Yet, I went on to study history and the one strong reason for this was the way history was viewed, discussed and deciphered on the home front. My father’s love for biographies recreated historical figures from Hermann Goerring to Mary Queen of Scots as we picked up the same books as part of gently-nudged, recommended reading; my mother’s love for monuments took us on wonderful road trips to Chittorgarh and Fatehpur Sikri and we were fortunate to get guides who were passionate and immensely knowledgeable. We were fortunate that the biographies were so well-written that we felt connected to the lives and times gone by; and our walks through these ruins helped us create wondrously, romantic visions of centuries past.

Ask the right questions.

These experiences found their way into the history that was taught at my varied schools and while I studiously went through the causes and effects of events and memorized bullet points that wrapped up the story of an iconic individual, I was deeply conscious of another “side” to the study of this subject. Most of my classmates were less fortunate, and for them history was dull and boring, a meaningless recall of dead individuals and forgotten events, who had nothing whatsoever to do with their present.

As a teacher of history – teaching the ICSE as well as the IGCSE curriculum – I was determined to make this subject work for my students and ensure that they understand the relevance of history. Yes, it was a subject that studied the past, but they needed to see why this past mattered, how it had shaped their present – their being and thinking. Teaching the subject for the past many years, it is my firm conviction that if history is not approached as the means to make sense of the present and as a guide for the future, we will be doing a disservice to the subject as well as our students.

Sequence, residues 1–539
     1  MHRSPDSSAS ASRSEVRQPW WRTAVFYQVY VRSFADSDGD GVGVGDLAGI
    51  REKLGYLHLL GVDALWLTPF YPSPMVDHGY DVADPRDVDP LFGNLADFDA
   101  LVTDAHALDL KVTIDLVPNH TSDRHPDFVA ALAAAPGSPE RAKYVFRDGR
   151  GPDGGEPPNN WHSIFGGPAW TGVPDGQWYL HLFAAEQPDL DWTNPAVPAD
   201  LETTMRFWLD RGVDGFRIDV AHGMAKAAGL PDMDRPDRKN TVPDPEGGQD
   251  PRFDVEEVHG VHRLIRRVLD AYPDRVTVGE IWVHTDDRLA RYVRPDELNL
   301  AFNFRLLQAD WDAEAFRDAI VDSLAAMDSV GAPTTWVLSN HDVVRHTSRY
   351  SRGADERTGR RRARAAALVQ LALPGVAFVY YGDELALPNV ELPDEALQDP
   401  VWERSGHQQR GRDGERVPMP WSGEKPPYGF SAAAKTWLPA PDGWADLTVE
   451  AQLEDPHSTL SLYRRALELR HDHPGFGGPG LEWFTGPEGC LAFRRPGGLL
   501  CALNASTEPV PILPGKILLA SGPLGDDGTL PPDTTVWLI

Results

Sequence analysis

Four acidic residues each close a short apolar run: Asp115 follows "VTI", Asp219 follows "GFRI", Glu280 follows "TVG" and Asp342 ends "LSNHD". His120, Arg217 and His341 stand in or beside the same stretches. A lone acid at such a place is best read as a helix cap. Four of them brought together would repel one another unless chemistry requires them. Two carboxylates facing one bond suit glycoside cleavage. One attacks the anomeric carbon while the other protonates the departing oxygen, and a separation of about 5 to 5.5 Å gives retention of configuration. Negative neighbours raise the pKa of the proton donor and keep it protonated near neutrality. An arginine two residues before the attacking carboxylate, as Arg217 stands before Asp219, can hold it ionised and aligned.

And I would like to begin by stating that the curriculum you have to teach may not lend itself to this approach. In which case, the challenge for the history teacher just gets harder. Having said that, the curriculum should never come in the way of the enduring understanding we want history students to have. It is with this goal that the history teacher must deliberately plan to stimulate student thinking, to ask the right questions and form balanced opinions; and to connect the dots and arrive at a better understanding of the world and its interconnected existence.

The question and extent of the WHY and the HOW